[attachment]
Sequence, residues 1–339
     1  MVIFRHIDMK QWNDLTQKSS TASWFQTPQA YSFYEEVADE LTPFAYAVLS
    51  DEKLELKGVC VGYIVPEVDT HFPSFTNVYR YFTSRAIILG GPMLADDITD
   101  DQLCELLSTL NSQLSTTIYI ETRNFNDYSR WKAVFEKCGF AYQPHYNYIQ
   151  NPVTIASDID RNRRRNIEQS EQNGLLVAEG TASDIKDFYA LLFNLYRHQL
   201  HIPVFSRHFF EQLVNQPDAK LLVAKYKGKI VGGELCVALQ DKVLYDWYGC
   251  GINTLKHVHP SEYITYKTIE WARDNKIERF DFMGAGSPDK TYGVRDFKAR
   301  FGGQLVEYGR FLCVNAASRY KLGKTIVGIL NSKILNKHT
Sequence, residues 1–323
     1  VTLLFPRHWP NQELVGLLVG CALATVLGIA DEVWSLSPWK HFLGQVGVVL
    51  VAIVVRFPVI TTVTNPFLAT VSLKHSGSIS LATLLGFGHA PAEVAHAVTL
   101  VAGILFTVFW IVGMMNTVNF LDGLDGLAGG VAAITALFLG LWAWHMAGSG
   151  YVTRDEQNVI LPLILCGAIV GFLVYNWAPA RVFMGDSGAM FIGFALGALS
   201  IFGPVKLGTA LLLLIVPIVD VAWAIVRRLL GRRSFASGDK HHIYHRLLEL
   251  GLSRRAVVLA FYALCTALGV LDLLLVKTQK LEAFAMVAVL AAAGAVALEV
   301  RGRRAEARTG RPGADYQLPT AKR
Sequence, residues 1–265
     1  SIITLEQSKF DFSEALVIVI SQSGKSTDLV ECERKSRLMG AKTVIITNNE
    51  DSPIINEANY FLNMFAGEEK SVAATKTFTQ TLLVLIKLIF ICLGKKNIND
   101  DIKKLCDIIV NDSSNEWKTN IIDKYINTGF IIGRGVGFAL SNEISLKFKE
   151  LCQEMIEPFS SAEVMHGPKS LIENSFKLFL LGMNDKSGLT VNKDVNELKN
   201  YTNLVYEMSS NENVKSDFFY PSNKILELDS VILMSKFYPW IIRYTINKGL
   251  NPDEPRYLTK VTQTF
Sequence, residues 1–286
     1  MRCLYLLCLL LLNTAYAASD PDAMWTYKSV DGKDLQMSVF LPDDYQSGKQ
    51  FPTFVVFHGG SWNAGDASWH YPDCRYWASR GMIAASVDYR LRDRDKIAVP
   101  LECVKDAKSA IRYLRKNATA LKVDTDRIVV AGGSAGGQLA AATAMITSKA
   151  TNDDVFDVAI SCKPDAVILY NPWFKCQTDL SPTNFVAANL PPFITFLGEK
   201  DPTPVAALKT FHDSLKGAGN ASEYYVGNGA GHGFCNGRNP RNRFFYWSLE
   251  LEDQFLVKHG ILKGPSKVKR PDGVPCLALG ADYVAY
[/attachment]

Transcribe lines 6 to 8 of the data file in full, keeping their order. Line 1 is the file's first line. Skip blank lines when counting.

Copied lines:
   201  HIPVFSRHFF EQLVNQPDAK LLVAKYKGKI VGGELCVALQ DKVLYDWYGC
   251  GINTLKHVHP SEYITYKTIE WARDNKIERF DFMGAGSPDK TYGVRDFKAR
   301  FGGQLVEYGR FLCVNAASRY KLGKTIVGIL NSKILNKHT